Humanitarian groups urge military and rebels to heed UN’s call for a global ceasefire amid the coronavirus emergency.
Top officials at the World Health Organization (WHO) and other aid groups have condemned an attack on a WHO team that killed a driver who was helping transport coronavirus tests in Myanmar’s troubled Rakhine state.
WHO Director-General Tedros Adhanom Ghebreyesus called the death of Pyae Sone Win Maun, the driver of a WHO vehicle, as “tragic” and “devastating news”, while United Nations Special Rapporteur on Myanmar Yanghee Lee said what happened was “unacceptable” and demanded an independent international investigation into the attack.
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Pyae Sone Win Maung, died in the western state’s Minbya township following the attack on Monday, the United Nations office in Myanmar said in a Facebook post.
“The WHO colleague was driving a marked UN vehicle from Sittwe to Yangon, transporting COVID19 surveillance samples in support of the Ministry of Health and Sports,” when the vehicle came under fire, it added.
In a joint statement, aid groups including Save the Children and Oxfam said the deadly incident “demonstrates the urgent need for armed actors in Myanmar to lay down their weapons” and heed the call of the United Nations for a global ceasefire.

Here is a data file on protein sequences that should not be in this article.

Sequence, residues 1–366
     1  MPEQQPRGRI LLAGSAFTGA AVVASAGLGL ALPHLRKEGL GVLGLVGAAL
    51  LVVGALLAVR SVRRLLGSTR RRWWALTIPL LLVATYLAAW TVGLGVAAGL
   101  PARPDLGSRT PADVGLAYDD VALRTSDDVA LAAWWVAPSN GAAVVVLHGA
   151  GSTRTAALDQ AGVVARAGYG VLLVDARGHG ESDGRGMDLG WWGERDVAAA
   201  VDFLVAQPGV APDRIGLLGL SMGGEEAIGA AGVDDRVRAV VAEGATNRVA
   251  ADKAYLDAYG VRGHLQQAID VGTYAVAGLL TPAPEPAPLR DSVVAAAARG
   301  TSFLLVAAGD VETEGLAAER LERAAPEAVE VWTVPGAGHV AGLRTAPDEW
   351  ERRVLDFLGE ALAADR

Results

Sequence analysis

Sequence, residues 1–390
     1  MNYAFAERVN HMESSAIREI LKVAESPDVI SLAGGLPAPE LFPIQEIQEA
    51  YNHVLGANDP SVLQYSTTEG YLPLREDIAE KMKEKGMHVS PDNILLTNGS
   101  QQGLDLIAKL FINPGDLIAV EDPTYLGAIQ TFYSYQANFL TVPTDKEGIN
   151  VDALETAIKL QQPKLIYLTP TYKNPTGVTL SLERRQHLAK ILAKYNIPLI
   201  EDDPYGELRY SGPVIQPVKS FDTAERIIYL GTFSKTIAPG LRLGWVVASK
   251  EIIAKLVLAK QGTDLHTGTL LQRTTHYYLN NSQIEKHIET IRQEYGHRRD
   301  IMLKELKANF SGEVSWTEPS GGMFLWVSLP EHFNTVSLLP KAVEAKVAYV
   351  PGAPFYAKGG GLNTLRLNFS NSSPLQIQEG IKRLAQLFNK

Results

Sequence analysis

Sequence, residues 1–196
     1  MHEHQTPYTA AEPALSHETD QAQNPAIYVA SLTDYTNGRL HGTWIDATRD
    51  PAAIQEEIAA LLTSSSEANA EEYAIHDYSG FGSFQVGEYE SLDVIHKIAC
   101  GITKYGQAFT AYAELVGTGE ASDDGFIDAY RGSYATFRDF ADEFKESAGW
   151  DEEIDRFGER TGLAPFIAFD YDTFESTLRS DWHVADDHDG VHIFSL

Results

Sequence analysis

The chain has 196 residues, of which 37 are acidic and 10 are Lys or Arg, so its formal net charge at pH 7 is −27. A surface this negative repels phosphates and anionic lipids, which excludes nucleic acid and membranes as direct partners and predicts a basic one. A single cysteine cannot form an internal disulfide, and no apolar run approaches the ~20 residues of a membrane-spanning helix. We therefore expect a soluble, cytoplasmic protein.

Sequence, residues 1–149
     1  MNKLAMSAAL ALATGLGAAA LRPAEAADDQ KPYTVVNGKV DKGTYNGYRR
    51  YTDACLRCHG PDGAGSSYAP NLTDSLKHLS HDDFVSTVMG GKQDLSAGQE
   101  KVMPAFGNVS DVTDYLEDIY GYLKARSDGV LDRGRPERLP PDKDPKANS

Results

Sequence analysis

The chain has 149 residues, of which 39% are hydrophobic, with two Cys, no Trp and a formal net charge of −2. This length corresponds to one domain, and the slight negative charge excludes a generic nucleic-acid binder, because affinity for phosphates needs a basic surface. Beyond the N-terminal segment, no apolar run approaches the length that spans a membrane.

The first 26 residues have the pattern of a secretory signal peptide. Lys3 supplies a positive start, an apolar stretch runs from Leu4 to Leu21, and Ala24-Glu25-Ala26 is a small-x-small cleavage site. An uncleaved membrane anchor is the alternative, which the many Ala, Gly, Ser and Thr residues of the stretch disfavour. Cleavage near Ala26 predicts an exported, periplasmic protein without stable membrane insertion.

An official of Myanmar’s health and sports ministry was also injured in the incident.
Earlier, UN spokesman Stephane Dujarric also issued a statement saying UN Secretary-General Antonio Guterres “strongly condemned the attack” and called for the perpetrators to be brought to justice.
The conflict between government troops and armed rebels from the Arakan Army, which wants greater autonomy for Myanmar‘s western region has been rumbling for more than a year but violence has intensified recently.
Both Myanmar‘s army and the Arakan Army denied responsibility for the attack and accused each other.
“Why would the military shoot them?” Major General, a military spokesman, told Reuters news agency when asked about the incident.
“They are working for us, for our country. We have the responsibility for that … Everyone who has a brain knows that. If you are a Myanmar citizen, you shouldn’t ask that.”
The Arakan Army, along with two ethnic armed groups, declared a month-long ceasefire for April, citing the coronavirus pandemic, which has infected at least 121 people and killed at least five in Myanmar.
The army rejected the plea with a spokesman saying a previous truce declared by the government went unheeded by rebel groups.
The driver’s father, Htay Win Maung, said his 28-year-old son had worked for the WHO in Sittwe for three years.
“My heart is broken for him,” he told Reuters by telephone. “I am trying to calm myself thinking he died in serving his duty at the front line. He went there in the midst of fighting when many people didn’t dare to go.”
Meanwhile, aid groups said aside from declaring a ceasefire, the military and rebel groups should also allow “widespread and unfettered access” across Rakhine state and elsewhere in the country for all humanitarian workers.
“Only by working together can we overcome the challenge of COVID-19,” the aid groups said.
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